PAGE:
Seoul Announces North Korea’s Dissolution of Civilian Exchange Organizations with South Korea

SEOUL — In a significant move, North Korea has declared its intention to disband various organizations responsible for civilian-level exchanges with South Korea. This decision, as reported by state media on Saturday, marks a further escalation in the tense relations between the two Koreas.

According to the Yonhap News Agency, the decision to dissolve these organizations was taken during a meeting on Friday. This meeting, which involved officials responsible for handling affairs with perceived enemies, aimed to actualize the policy shift towards South Korea. This change in stance was previously directed by North Korean leader Kim Jong-un during a major Workers' Party meeting last month.

The KCNA listed several organizations that will undergo readjustment, including the North Side Committee for Implementing June 15 Joint Declaration, the North Headquarters of the Pan-national Alliance for Korea's Reunification, the Consultative Council for National Reconciliation, and the Council for the Reunification of Tangun's Nation.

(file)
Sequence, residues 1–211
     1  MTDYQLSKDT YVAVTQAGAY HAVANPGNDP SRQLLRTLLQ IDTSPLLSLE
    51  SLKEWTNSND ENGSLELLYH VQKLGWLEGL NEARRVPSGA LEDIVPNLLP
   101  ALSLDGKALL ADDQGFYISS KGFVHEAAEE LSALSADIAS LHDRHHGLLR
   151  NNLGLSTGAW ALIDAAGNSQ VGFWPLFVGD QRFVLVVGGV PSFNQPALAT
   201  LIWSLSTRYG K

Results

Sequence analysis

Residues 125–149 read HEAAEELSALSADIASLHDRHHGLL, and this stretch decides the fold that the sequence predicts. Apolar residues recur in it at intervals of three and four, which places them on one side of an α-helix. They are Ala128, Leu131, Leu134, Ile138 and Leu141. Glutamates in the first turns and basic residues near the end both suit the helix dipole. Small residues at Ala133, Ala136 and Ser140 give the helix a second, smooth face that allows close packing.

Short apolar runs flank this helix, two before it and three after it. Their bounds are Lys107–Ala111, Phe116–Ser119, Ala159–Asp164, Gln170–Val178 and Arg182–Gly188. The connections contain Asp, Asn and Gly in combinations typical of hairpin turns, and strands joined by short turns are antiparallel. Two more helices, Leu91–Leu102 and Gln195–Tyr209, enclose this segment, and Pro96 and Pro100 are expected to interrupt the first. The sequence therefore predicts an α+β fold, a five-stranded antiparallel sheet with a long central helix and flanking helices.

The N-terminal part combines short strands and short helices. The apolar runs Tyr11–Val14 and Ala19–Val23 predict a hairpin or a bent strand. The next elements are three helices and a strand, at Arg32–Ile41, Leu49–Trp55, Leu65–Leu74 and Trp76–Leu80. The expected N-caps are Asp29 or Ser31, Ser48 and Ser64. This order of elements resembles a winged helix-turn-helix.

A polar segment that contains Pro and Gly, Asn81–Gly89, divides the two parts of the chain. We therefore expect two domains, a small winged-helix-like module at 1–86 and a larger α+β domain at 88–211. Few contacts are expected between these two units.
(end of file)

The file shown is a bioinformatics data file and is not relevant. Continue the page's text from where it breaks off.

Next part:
Further emphasizing the hardened position, the meeting denounced the "South Korean puppets" for allegedly seeking the collapse of North Korea's regime and absorption-based unification. They were labeled as the "main enemy of the DPRK to be completely wiped out." DPRK stands for the Democratic People's Republic of Korea, North Korea's official name.

This latest development follows a period of increased provocations from North Korea. At a year-end party meeting, leader Kim Jong-un described inter-Korean ties as relations between two hostile states and called for intensified preparations to "suppress the whole territory of South Korea."

During the eighth Central Committee's ninth plenary meeting of the Workers' Party of Korea, Kim Jong-un advocated for a "fundamental change in dealing with South Korea," including the restructuring of organizations handling inter-Korean affairs. Early this month, discussions led by North Korean Foreign Minister Choe Son-hui focused on dismantling the United Front Department (UFD), which oversees relations with South Korea.

Tensions between South and North Korea have been on the rise, with a significant increase last week. Pyongyang conducted live-fire drills, firing around 350 artillery shells into waters off its west coast between January 5 and 7. This marked the first such military activity near the sea border since December 2022.

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